Within the species Orthohepevirus, three more genotypes 5, 6 and 7 exist, that occur in animals only and not in humans.

Clinical signs hepatitis E

In humans, the progression of a hepatitis E virus infection is usually without symptoms. In a small number of humans, HEV may however lead to acute liver inflammation with fever and nausea. In the case of pregnant women in developing countries, the progression of the disease may be more severe and may cause complications more often. Direct natural infection from patients to others is rare.

Spread of Hepatitis E

Pigs, wild boar, certain deer species, and humans can become infected with HEV genotype 3. The virus is excreted via faeces and urine; if these end up in (sources for) drinking water, animals and humans drinking this water can also be infected with the virus. In shellfish the virus may be concentrated, since these animals are filterfeeders. The most important infection route is most likely through consumption of contaminated pork products.

Diagnostics hepatitis E

The hepatitis E virus (HEV) is very difficult to culture. The PCR test is almost always used to show the presence of HEV. The virus (RNA) can readily be shown with the aid of PCR in blood and (liver) tissue samples. Standard procedures have also been developed for the detection of the hepatitis E virus in food and water samples.

For determining antibodies against the hepatitis E virus, various immunoassays, especially ELISAs, are used. Over recent years, these tests have improved substantially, but there are still considerable differences in quality. for the 4 genotypes of HEV occurring in humans, we can only one distinguish a single serotype. Which means that the antibody tests are unable to distinguish between antibodies generated against one of these 4 genotypes. Both the PCR and the antibody tests can be routinely conducted by Wageningen Bioveterinary Research in all the above mentioned samples.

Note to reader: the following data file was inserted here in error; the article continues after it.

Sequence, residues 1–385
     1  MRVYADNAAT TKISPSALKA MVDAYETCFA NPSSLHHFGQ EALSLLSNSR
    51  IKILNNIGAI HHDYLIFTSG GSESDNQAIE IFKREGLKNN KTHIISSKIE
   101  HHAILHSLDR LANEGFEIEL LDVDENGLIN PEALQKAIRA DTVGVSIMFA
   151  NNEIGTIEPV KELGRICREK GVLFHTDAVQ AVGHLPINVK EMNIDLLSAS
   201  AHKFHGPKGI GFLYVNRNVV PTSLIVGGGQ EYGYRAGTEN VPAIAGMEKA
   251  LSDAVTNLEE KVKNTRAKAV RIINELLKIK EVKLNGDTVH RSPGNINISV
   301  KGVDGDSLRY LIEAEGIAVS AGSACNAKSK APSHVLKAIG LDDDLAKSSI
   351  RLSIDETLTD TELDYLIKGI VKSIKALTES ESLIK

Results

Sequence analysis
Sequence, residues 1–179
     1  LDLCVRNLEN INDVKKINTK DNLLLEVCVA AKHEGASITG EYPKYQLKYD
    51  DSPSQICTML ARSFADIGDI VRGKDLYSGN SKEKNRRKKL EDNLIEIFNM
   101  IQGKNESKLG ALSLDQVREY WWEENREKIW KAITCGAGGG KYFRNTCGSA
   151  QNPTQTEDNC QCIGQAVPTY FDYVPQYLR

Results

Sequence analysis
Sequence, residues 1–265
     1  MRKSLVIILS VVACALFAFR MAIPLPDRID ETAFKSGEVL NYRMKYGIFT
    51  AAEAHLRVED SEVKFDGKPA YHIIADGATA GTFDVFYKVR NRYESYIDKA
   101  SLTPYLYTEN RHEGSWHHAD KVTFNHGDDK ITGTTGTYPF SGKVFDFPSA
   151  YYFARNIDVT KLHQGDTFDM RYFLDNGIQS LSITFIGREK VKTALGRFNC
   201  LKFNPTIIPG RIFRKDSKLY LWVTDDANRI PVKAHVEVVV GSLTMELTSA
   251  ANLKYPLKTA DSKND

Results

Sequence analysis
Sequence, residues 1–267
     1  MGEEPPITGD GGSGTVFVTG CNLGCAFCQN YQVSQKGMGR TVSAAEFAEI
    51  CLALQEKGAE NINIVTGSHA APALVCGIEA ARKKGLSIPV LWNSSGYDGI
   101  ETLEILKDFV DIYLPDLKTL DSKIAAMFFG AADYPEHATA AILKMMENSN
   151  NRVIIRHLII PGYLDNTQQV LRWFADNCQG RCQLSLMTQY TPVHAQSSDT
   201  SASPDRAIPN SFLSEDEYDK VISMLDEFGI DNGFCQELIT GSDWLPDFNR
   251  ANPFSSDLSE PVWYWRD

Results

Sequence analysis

Vaccine hepatitis E

There is no vaccine available for preventive treatment of hepatitis E.

Prevention and control of hepatitis E

The hepatitis E virus can also cause a liver infection in mammals, but this is not associated with evident symptoms. The disease is not notifiable. No preventive measures for pigs are taken for this reason. Humans are advised not to drink contaminated water or consume products that have been in contact with the virus. Consumption of inadequately cooked pork (especially liver) or game (especially wild boar or deer) is advised against.

Research by Wageningen Bioveterinary Research

Wageningen Bioveterinary Research is conducting research into the transmission routes.The liver is the most important target organ for the virus, although high concentrations can also occur in other organs and in the blood. This means that blood transfusion and organ transplants are also possible transmission routes in humans. Proper heating of infected material kills the virus. Contaminated food eaten raw, for example oysters, forms a potential infection route.

Research into the hepatitis E virus is important in order to find out whether incidence, and so the risk to humans, is rising. In addition, it is important to find out whether virulent variants arise and to gain a better understanding of the (most important) transmission routes.